The young, neo-literary-critics – Pooja Kashyap Soni, pujaks12@yahoo.in ,   [‘Dr. Ishvabhai Paramar’s Children’s Literature’ 1] – (“ડૉ. ઇશ્વરભાઇ પરમારઃ બાળસાહિત્યકાર”), Pallavi K Shah, plvshah@gmail.com , [‘Dr. Ishvar Parmar’s Educational Literature’2] (“ડૉ.ઇશ્વર પરમારનાં કેળવણી વિષયક પુસ્તકો” )અને Mona Liya , monabhuj@gmail.com, [Dt. Ishvar Paramar’s Other Literature’ 3]  (“ડૉ. ઇશ્વર પરમારની અન્ય સાહિત્યકૃતિઓ”) – have been able to full justice to the entire spectrum of Dr. Paramar’s literary life within the constraint of  the short space allotted to them.

Even granting that this booklet is a ‘small step’ in documenting the all-round , all-encompassing review of Dr. Ishvar Parmar’s literary works, its value would have multiplied manifold if the appended list of his books would have included additional details like name of the publisher, year of publication and price. This would have brought the readers almost at the doorstep of the treasure of Dr. Paramar’s wroks..

The Institute of Youth Development can extend the reach of this highly valuable effort by digitizing the booklet and then deploying the digital distribution platforms.

CONTACTS:

  • Dr. Ishavar Paramar : Oppostite Sidhdhnath, Dvaraka 361 335       Cell Phone: +91 94 27 28 47 42
  • Publishers: The Institute of Youth Development, 23, Ambika Society, Hospital Road, Bhuj – Kutch 370 001 //  iyd.bhuj@gmail.com
  • Editor: Shri Haresh Dholakia, New Mint Road, Bhuj- Kutch 370 001  //  haresh.dholakia@yahoo.com

WATER

Winter Haze Blankets China
Winter Haze Blankets China (Photo credit: NASA Earth Observatory)

It takes 35 gallons of water to make one cup of coffee. Why? All the water used to cultivate the coffee beans. Similarly, it can take about 635 gallons to make one hamburger because of all the water required to grow feed for the cows.

The need for clean fresh water is increasing rapidly, too, as populations rise and standards of living improve around the world. In some places — such as central California, the North China Plains, and parts of India —  the demand for water is already outstripping the local supply.

Because global water consumption is expected to increase by 40% over the next 20 years, water shortages may get more acute and more widespread, spurring more reliance on desalination technologies, water reuse, and conservation. The results could have massive economic, ecological, and geopolitical consequences, creating investing opportunities in places you may never have considered.

 

—- Courtesy: “Thinking Big – Put The Power of Our Insights to Work for You” on http://www.fidelity.com/thinking as posted on http://www.washingtonpost.com

બિઝનેસ મોડલ ગરીબોને ફાયદો થાય એવું બનાવો – Create a business model that benefits the poor – www.divyabhaskar.co.in

બિઝનેસ મોડલ ગરીબોને ફાયદો થાય એવું બનાવો – Create a business model that benefits the poor – www.divyabhaskar.co.in.

Not long ago Dr.C K Prahlad used to passionately advocate the concept of ‘Bottom of the Pyramid’ and had explicitly established that given the right business model, this consumer segment had far more  untapped potential – both, in terms of profitability and  the market size.

He also used to establish that so-called ‘poor’ nations in fact did not suffer because of paucity of resources. They suffered because they are not utilizing their resources efficiently and effectively. This calls for invoking the instincts of innovation, inherently available in every human being but generally remaining very dormant.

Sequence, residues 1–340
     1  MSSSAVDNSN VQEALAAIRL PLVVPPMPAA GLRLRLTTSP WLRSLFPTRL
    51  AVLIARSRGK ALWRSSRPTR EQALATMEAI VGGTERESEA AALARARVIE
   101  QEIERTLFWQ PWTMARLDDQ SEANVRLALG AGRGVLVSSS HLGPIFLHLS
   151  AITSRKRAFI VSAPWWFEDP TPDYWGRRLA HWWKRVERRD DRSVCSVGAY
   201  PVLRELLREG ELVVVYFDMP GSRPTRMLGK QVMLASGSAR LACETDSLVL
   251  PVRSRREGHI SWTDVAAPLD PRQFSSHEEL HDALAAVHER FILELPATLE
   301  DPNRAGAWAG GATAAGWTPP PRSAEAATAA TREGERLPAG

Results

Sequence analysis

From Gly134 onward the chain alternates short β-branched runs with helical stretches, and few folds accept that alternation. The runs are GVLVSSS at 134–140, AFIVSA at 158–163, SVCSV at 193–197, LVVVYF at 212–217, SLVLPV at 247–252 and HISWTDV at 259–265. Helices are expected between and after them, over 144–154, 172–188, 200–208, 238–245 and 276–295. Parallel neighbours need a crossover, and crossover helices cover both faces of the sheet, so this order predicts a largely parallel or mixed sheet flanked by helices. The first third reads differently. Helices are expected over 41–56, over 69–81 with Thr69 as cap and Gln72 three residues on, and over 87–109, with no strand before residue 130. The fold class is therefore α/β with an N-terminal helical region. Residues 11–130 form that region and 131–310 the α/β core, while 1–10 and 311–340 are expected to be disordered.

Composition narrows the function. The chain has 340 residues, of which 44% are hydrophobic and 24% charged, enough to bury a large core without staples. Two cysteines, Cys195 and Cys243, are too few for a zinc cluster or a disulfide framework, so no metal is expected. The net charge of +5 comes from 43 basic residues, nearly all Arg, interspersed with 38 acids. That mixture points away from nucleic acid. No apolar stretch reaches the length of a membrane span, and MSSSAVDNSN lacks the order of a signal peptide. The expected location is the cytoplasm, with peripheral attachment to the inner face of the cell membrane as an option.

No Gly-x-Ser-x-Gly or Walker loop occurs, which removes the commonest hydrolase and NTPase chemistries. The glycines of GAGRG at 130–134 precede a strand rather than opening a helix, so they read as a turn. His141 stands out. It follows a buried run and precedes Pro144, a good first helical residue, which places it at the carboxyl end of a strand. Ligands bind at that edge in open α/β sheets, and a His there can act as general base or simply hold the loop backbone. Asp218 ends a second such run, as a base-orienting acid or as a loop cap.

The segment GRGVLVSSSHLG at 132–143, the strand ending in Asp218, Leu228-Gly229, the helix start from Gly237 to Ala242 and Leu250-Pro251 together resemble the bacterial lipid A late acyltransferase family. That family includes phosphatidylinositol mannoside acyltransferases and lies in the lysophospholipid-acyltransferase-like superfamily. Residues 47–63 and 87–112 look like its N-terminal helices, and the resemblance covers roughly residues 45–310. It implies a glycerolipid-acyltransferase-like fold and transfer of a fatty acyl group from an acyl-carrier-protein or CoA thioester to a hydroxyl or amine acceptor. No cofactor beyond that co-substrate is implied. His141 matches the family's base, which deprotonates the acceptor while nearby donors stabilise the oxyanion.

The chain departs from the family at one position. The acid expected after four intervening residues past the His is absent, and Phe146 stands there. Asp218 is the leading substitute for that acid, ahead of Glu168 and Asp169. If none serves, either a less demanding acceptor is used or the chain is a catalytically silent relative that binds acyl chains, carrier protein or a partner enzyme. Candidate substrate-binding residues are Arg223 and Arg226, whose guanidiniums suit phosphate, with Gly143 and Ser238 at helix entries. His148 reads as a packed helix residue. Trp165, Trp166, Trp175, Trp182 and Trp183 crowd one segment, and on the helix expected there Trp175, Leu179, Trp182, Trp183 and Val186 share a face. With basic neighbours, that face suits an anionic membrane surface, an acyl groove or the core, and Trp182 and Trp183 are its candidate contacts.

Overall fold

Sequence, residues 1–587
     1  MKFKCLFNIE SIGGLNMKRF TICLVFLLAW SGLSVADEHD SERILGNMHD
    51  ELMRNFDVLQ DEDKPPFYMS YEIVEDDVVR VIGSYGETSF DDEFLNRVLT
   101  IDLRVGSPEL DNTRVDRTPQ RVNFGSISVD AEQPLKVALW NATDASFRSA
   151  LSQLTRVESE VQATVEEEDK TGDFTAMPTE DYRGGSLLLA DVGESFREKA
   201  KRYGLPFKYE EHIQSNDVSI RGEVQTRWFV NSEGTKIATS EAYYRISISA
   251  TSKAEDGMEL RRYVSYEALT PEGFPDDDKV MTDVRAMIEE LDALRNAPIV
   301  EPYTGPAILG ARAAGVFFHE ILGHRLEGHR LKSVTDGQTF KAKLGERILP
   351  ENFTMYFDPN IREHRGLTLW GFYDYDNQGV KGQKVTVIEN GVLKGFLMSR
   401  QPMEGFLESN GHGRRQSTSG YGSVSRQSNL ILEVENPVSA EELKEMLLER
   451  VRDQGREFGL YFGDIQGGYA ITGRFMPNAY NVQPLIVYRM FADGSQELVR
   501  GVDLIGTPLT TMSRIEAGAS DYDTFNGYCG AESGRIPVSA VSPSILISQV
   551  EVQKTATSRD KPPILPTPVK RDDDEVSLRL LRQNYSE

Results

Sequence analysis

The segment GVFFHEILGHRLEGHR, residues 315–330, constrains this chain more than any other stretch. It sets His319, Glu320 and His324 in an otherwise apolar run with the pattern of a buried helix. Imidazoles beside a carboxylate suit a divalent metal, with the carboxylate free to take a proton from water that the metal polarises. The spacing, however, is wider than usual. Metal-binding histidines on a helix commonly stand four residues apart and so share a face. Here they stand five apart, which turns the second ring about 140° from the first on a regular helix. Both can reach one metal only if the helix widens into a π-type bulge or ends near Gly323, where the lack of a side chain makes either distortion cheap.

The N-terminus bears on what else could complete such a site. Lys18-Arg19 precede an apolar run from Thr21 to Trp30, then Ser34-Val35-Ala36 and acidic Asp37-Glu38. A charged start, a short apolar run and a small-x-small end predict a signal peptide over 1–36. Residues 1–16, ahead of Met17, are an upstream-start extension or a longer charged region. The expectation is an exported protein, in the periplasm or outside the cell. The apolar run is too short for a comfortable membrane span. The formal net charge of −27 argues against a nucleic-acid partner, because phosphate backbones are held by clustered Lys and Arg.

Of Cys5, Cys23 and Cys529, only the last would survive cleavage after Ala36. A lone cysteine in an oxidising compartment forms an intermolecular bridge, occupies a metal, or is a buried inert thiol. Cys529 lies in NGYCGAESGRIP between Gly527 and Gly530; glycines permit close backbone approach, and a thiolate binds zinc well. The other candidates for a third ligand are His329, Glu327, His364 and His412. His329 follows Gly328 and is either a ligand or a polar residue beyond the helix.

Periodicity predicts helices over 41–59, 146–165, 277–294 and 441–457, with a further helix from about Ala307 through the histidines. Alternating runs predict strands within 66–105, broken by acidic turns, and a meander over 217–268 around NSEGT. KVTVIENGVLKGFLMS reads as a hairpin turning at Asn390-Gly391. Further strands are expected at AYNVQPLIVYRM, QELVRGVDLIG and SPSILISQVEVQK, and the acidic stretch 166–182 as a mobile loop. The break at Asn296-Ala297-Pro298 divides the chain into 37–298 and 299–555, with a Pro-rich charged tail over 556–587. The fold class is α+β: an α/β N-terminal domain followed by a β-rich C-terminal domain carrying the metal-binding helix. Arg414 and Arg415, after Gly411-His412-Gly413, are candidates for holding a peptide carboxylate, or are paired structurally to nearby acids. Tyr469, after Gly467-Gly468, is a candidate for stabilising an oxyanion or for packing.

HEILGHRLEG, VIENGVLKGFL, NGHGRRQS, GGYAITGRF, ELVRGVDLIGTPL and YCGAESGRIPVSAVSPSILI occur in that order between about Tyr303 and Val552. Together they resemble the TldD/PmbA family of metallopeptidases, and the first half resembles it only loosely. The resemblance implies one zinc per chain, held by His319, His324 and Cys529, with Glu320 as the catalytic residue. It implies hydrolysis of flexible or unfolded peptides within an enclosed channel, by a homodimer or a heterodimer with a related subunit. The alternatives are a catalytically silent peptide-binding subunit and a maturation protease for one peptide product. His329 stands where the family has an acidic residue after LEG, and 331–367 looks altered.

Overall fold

Not many years ago, when there was hardly any presence of private enterprise – generally presumed to be efficient and innovative – many of the products and services of the public sector in the fields of education, health care, TV, Radio etc. were exemplary.

However, surprisingly the advent of private  sector in these fields in last 20 years seem to have deteriorated the performance and standards of performance. This is considered to be the most adverse comment on the free-market orientation of deployment of resources. The free-market mindset seems to be highly pliable to path of least resistance. The practitioners of free-market orientation need to read Robert Frost’s poem – The Uncharted Road.

in fact, reaching out the bottom of pyramid , the so-called “Aam Aadmi”, is the Challenge of 21st Century, as evidenced by Occupy Wall Street movement and the likes.

What incentives the young professionals of 21st Century need to take up this challenge?

WOW Photographs by TIME

TIME and their photographers have done a marvelous job of capturing essence of the personalities in the three  portraits I have chosen to publish here, out of their many other “TIME’s Best Portraits of 2011“.

Aung San Suu Kyi, the General Secretary of Burma’s National League for Democracy.

Aung San Suu Kyi, the General Secretary of Burma's National League for Democracy.

Henry Kissinger, former U.S. Secretary of State. From “10 Questions,” June 6, 2011, issue.

Henry Kissinger, former U.S. Secretary of State

Steven Spielberg, director. From “Tintin in Hollywood,” Nov. 28, 2011, issue.

Steven Spielberg, director. From "Tintin in Hollywood"

Here are two very stunning photographs, quite vocally telling the story of labors and pains that the participants at the Annual Republic Day parade undergo:

“January 17, 2012. Indian soldiers from the Border Security Forces, atop of camels, stand at attention in front of the Presidential Palace during a ceremony in preparation for the annual Beating Retreat in New Delhi, India.”

Indian soldiers from the Border Security Forces in preparation for Beating Retreat

And another one…..

“January 18, 2012. Paramilitary soldiers of the Indian Border Security Force wait under a tree with their camels amidst winter morning fog before the start of Republic Day parade rehearsals in New Delhi, India.”

Paramilitary soldiers of the Indian Border Security Force before the start of Republic Day rehersals 2012